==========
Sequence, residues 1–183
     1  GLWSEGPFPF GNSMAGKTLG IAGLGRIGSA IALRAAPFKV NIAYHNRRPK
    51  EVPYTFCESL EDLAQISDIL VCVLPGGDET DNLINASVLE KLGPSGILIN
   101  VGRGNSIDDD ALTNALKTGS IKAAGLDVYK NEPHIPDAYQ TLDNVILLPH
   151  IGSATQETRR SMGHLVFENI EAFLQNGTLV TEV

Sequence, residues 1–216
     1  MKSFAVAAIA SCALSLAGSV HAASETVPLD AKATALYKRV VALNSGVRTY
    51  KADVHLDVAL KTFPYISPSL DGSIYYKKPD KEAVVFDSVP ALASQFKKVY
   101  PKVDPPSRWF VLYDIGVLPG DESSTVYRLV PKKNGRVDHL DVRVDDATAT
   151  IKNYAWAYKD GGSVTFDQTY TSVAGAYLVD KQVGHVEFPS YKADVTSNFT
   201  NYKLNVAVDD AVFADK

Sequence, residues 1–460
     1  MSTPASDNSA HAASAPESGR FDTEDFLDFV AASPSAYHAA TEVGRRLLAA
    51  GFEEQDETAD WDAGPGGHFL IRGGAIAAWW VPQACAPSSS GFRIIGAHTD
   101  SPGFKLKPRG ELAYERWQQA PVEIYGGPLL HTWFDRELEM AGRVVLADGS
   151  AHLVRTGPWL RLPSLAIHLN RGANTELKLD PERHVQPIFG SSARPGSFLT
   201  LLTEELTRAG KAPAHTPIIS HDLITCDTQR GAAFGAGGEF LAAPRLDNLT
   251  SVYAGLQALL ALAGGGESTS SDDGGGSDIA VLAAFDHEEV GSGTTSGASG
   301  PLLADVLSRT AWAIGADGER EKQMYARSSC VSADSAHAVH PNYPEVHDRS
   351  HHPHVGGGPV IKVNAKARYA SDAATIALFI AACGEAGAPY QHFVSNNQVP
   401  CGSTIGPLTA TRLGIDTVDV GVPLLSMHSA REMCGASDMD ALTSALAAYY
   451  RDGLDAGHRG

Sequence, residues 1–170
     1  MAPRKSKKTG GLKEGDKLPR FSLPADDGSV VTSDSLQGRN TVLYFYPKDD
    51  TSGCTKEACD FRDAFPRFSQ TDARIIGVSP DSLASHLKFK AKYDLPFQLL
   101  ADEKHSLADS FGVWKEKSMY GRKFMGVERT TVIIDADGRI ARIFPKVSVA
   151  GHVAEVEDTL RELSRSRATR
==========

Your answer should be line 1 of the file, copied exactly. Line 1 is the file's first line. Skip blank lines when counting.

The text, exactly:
Sequence, residues 1–183